Josh McCown, quarterback, New York Jets
McCown knows offense, he knows defense, and his attitude and teaching ability seem to keep him in constant demand, despite the fact that the soon-to-be 38-year-old has posted a winning season as a starter just once (in 2013, when he went 3-2 for the Bears). The Jets are the latest team to make McCown the experienced veteran in an otherwise-young quarterback room. McCown has already done some coaching at the high school level and been singled out by Browns head coach Hue Jackson as a future head man. I could see McCown being a coach in the mold of an Adam Gase -- who is just a little more than a year older than McCown.
Chase Daniel, quarterback, New Orleans Saints
As with McCown, teams seem to want Daniel for his knowledge, and they've been willing to pay for it. He has a great attitude and recently spent time under QB-turned-head-coach Doug Pederson in Kansas City and Philadelphia, where he presumably watched Pederson apply his playing experience to the sideline. Though Daniel left Philadelphia after one season, the fact that Pederson was effusive in his praise of Daniel's teaching ability is promising.
Matthew Slater, special teams ace, New England Patriots
Not only is the nine-year veteran the best special teams player in the NFL, but he also plays receiver and defensive back, meaning he has a thorough knowledge of the game. The son of Hall of Famer Jackie Slater (who coached in the NFL), Matthew possesses great leadership skills -- he has coaching success written all over him. Playing under Bill Belichick -- and on the same team as Tom Brady -- can only help.
Kellen Moore, quarterback, Dallas Cowboys
There is a ton of knowledge packed into Moore's head -- he's a tremendously smart guy. The fact that he won 50 college games at Boise State without exceptional physical characteristics is a testament to his ability to flourish with intelligence. He's another great teacher and communicator. His first year after retirement, I expect Moore -- whose father, Tom Moore, was a successful high school coach -- to become a quarterbacks coach somewhere in the NFL, with a head-coaching job on the horizon.
Mike Adams, safety, Carolina Panthers
You don't make it your 14th year in the NFL without having the kind of strong leadership skills and work habits Adams has. He's an excellent teacher, the kind of guy who will make a team better because of the on-field coaching and guidance he provides to the other players on the roster.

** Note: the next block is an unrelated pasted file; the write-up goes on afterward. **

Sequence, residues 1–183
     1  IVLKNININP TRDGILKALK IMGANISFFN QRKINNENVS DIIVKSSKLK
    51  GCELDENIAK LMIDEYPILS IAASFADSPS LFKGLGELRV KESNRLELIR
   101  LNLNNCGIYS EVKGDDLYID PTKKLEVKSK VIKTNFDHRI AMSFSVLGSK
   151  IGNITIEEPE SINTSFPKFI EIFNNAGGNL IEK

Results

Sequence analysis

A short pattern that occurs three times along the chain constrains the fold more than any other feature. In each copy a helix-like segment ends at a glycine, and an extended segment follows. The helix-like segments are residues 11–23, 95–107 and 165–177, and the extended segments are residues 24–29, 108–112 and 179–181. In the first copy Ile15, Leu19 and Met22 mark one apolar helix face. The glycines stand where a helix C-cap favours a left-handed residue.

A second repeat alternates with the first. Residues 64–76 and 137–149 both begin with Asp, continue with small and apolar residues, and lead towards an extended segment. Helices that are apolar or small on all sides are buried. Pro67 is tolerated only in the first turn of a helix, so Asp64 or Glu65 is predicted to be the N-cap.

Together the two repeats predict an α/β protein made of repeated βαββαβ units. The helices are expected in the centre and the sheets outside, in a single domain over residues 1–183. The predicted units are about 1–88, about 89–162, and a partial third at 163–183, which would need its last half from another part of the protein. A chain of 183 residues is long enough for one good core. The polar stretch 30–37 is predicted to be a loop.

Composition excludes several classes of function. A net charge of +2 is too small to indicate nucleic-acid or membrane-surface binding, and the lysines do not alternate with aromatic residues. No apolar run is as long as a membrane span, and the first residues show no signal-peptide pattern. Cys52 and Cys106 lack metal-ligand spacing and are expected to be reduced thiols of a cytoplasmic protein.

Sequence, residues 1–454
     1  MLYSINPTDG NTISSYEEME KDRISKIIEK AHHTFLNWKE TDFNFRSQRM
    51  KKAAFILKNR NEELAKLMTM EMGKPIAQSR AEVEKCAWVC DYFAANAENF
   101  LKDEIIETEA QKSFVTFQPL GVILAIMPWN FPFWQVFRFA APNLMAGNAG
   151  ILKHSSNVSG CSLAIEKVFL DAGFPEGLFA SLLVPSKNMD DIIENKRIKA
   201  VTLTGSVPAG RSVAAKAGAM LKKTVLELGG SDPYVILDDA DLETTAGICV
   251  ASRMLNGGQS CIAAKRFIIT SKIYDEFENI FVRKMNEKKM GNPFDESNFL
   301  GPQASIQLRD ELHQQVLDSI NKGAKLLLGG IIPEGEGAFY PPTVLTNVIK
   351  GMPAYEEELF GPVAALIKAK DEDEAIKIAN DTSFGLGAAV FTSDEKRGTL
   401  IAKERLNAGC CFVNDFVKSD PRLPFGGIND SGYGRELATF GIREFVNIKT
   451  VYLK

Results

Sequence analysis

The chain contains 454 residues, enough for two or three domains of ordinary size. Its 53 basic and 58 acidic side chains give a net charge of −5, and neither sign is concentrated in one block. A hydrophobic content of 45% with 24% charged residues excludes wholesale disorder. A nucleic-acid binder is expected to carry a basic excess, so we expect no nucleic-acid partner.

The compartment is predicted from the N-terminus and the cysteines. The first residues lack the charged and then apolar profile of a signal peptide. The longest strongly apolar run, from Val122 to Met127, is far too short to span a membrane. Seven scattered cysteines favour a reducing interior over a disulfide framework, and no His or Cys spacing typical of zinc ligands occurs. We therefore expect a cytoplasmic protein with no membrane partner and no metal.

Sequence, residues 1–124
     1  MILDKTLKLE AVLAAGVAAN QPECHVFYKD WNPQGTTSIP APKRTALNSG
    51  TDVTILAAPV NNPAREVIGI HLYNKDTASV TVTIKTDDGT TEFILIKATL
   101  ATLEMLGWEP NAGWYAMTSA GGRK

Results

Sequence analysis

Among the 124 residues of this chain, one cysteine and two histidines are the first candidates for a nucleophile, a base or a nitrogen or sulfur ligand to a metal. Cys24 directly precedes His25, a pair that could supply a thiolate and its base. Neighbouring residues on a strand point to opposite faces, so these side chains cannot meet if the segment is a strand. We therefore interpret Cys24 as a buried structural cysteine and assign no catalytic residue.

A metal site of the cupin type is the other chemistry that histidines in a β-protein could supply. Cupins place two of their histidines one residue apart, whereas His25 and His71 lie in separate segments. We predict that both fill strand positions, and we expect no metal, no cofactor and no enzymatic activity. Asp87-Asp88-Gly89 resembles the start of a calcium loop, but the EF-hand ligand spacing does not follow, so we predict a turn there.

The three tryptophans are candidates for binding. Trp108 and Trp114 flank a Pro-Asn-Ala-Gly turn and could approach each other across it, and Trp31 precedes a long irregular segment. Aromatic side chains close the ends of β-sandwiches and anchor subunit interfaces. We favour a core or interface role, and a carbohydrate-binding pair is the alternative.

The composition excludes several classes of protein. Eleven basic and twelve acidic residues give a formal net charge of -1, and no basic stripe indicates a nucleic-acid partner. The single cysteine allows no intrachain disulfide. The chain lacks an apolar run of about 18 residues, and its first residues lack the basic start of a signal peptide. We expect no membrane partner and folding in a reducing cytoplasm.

Colt McCoy, quarterback, Washington Redskins
McCoy has enough ability as a player to be respected; after all, I think his presence gives the Redskins a sense of security despite the possibility that starter Kirk Cousins could be gone after this season. But I think his real value comes from his mental acuity. He knows where he's going and how to get there, and he has strong leadership abilities. Whatever he does today, most people are thinking about doing tomorrow -- he's a day ahead of you. Also, he's been in a variety of different situations, starting for a struggling team in Cleveland and having an intimate view of the ups and downs of Robert Griffin III and Cousins in Washington.
Paul Posluszny, linebacker, Jacksonville Jaguars
Posluszny is another prime model of the type of overachieving player who makes for good head-coaching material. He's the type of person who wants to help others -- including his successor, Myles Jack -- get better by learning the game. He would be an aggressive type of head coach who places a premium on teaching.
Anquan Boldin, wide receiver, free agent
If he lands a contract with someone, this will be Boldin's 15th year in the NFL. He's very smart and possesses great leadership ability. The fact that he produced at prodigious levels -- his 13,779 receiving yards are the 14th-most in NFL history -- as a former second-round pick will go a long way toward building up credibility with a team.